Politics & EconomyBiography & MemoirHistoryUnited States History20th Century HistoryPolitical Biography & Memoir
In the second volume of his three-part history, a monumental trilogy that began with Parting the Waters, winner of the Pulitzer Prize and the National Book Critics Circle Award, Taylor Branch portrays the Civil Rights Movement at its zenith, recounting the climactic struggles as they commanded the national stage.
Topics: Race Relations
Published: Simon & Schuster on Apr 16, 2007
this book in conjunction with Parting the Waters left me feeling like i relived the decades (which is how long it took me to read them). i never got to the 3rd, but the two were strong and provoking. theyre something you carry with you, as cliche as that is to write.read more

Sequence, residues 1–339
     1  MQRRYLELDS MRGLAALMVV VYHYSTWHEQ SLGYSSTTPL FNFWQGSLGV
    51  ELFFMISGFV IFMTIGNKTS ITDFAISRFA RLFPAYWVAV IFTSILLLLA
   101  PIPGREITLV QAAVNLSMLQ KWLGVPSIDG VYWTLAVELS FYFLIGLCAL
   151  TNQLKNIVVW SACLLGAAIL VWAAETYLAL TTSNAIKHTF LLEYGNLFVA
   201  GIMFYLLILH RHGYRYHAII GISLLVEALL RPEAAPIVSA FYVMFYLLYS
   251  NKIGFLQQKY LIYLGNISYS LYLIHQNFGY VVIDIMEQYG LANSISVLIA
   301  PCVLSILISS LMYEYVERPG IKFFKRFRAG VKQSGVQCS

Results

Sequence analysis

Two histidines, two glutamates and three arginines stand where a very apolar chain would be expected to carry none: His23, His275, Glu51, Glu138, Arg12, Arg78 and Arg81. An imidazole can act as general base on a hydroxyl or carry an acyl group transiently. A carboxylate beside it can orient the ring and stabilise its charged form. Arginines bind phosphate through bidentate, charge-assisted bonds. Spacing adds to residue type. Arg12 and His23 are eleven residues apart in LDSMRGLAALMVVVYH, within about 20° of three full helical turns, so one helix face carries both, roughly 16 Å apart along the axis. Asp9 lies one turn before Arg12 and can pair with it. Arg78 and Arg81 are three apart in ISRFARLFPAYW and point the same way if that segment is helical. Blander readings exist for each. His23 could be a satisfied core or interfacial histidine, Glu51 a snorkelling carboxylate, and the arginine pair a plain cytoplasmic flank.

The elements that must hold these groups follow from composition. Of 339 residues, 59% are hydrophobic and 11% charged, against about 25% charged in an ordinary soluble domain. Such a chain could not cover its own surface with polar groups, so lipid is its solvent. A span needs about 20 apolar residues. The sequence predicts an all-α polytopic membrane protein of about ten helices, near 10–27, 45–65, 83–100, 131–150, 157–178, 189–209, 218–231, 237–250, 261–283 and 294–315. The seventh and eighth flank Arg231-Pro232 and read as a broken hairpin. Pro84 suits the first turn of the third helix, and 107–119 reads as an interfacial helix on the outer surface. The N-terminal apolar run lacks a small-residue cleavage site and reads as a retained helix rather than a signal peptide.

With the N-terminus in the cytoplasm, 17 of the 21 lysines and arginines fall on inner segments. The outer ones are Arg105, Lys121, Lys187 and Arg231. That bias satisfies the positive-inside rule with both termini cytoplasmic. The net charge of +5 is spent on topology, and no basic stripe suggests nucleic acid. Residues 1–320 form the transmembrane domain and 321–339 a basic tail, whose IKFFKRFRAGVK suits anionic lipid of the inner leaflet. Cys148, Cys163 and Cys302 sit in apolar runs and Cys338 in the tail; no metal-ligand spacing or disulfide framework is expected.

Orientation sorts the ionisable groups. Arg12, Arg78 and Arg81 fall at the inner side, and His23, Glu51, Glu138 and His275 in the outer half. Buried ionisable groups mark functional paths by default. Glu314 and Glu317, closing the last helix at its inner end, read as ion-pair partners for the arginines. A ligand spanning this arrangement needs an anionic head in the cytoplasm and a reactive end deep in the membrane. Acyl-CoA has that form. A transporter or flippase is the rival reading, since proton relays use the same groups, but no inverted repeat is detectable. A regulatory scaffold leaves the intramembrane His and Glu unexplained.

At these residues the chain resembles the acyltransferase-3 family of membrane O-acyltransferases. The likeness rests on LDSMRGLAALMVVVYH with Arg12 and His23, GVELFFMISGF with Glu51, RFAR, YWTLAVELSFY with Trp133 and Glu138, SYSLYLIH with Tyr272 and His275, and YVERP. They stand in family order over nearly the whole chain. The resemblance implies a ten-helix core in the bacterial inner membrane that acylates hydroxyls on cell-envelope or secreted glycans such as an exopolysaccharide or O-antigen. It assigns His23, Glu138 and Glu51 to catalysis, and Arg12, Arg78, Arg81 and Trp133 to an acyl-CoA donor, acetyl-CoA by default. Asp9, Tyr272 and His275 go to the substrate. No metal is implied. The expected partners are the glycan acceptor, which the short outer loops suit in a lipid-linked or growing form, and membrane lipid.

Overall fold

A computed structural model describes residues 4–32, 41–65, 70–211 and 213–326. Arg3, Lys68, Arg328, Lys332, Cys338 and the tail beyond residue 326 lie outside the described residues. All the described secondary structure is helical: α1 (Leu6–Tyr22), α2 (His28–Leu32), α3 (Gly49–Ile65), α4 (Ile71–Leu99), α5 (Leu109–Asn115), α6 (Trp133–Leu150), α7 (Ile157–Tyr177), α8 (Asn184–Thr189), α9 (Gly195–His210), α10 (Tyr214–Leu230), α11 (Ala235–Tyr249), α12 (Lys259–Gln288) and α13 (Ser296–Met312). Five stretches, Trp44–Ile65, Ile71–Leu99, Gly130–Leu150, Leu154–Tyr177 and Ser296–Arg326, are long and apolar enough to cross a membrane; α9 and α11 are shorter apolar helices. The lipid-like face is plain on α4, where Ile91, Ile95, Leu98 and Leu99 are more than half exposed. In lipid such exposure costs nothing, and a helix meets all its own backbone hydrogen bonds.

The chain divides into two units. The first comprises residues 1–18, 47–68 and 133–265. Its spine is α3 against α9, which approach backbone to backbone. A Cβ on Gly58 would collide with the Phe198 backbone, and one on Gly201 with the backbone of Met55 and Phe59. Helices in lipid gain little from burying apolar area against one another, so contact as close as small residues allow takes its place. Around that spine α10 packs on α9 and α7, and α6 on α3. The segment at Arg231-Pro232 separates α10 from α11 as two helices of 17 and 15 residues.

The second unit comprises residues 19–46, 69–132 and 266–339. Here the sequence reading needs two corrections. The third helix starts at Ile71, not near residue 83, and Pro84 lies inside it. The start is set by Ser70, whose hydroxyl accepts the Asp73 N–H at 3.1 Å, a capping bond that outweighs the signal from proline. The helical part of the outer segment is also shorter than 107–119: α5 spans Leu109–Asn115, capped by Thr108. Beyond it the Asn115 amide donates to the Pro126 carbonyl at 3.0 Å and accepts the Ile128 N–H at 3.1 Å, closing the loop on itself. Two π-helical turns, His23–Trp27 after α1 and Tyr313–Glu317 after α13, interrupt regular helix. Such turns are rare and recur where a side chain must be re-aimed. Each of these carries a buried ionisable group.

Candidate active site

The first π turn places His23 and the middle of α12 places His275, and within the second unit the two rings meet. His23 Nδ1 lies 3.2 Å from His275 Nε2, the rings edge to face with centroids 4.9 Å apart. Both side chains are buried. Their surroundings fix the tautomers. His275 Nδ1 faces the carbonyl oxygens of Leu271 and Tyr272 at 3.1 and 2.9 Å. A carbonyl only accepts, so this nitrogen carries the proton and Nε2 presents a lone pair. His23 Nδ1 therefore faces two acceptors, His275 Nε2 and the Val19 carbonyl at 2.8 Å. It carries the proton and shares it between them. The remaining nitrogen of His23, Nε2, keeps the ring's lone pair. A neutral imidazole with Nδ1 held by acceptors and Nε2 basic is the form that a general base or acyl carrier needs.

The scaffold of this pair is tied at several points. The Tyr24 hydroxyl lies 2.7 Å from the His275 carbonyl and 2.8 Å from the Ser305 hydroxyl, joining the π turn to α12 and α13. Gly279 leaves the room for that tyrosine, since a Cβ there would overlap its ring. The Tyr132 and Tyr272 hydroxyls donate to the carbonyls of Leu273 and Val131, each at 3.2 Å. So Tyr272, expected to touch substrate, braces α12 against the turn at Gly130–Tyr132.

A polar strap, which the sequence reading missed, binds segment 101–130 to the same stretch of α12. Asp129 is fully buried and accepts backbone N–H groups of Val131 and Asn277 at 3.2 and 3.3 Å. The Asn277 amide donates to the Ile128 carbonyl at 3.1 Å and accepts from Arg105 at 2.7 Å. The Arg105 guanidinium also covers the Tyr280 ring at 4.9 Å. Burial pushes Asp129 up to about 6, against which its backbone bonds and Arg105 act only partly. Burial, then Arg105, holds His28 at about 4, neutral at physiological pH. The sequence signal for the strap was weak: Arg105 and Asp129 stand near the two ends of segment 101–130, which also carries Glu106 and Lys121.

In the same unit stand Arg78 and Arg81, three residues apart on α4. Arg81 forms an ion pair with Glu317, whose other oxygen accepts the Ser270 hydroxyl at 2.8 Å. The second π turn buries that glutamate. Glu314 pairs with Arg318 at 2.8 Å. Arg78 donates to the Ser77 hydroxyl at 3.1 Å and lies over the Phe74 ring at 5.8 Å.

The second volume in Taylor Branch's award-winning trilogy about the Civil Rights era covers the muddled years between 1963 and 1965, focusing specifically on Malcolm X, the Civil Rights Bill of 1964, Freedom Summer in Mississippi in 1964, and Martin Luther King's receiving the Nobel Peace Prize in 1964. From these topics, it becomes clear that the narrative is chronologically muddled as the narrative is more thematic than Branch's first volume, Parting the Waters.If the story is more complex (and if perhaps, Branch seems less clear on its narrative arc), the book again demonstrates Branch's extensive research and fine writing in his epic endeavor. While the first volume significantly explored the Black church's role in shaping the Civil Rights movement, the underlying narrative in Pillar of Fire is the tension between various Civil Rights groups, especially King's Southern Christian Leadership Conference (SCLC) and the Student Nonviolent Coordinating Committee (SNCC), and the tension between Black Muslims in the United States, personified by Malcolm X in his split from the Nation of Islam.If King himself were the heart of the first volume in the trilogy (and is again in the third), it seems that long-time SNCC worker Bob Moses is the heart of Pillar of Fire. The enigmatic Harvard graduate, who began working on voter registration in Mississippi in 1961, seems to be the quiet guiding force behind the student effort. From his long-time efforts, he is trusted by African-Americans in Mississippi of all classes and he is respected by the other students in SNCC because he's been active longer than they have. As a result, Moses seems to try to balance the tensions within the Mississippi Freedom Summer, between Black and White volunteers, between local voter registration and national legislation, between local efforts and national political efforts (like trying to seat alternative delegates to the 1964 Democratic National Convention). In the end, Moses also becomes a martyr to the cause, not because he is killed, but because he simply quits, changes his name and his attitudes (for a while, he refused to speak with any Whites), and moves to Africa for years.King seems a conflicted presence in this book, unsure of how to proceed. Even though there are peaks for King in these years -- the passage of the Civil Rights Act and his being awarded the Nobel Peace Prize -- it is also a period of indecision. He seems unclear where to focus his energies, and he seems unclear how, or even whether, to capitalize on his growing reputation. King is an increasing target. The FBI, and J. Edgar Hoover in particular, become more aggressive in their anti-King tactics in these years, leading to increased negative newspaper coverage. Other Black leaders also try to nudge King from the spotlight, most notably Malcolm X, but even some other leaders within the SCLC and SNCC.This is yet another fine work, and stands nobly beside the first volume in the series. Even if Branch seems a little unsure of how to find an overarching narrative structure for these nebulous years, the work is full of great insight and superb narrative history.read more